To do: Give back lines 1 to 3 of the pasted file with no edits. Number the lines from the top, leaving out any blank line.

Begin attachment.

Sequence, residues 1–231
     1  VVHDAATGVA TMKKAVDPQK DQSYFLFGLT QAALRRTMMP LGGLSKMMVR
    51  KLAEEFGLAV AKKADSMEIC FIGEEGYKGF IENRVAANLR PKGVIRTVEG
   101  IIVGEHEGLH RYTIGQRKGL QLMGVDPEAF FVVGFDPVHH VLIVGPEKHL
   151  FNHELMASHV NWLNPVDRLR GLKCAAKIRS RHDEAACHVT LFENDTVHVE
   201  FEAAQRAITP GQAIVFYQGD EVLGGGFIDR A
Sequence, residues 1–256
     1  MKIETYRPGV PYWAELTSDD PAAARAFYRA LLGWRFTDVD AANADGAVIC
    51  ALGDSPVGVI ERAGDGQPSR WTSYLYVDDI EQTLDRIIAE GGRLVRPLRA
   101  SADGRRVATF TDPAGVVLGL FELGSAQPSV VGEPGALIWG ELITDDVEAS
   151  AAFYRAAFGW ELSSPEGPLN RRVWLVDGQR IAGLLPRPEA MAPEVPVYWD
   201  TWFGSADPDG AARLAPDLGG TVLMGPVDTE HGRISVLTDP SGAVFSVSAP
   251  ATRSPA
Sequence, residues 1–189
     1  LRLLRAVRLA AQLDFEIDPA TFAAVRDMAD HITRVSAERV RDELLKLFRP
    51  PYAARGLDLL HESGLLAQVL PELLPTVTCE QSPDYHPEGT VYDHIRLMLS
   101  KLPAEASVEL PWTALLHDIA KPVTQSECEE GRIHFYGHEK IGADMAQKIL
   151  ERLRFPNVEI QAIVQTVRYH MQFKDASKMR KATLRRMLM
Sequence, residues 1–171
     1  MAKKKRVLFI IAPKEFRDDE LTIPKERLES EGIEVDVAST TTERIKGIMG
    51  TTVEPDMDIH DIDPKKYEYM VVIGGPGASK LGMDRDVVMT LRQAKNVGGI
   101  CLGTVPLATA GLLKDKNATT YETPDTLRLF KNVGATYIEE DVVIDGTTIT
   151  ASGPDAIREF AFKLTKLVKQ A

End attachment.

Sequence, residues 1–231
     1  VVHDAATGVA TMKKAVDPQK DQSYFLFGLT QAALRRTMMP LGGLSKMMVR
    51  KLAEEFGLAV AKKADSMEIC FIGEEGYKGF IENRVAANLR PKGVIRTVEG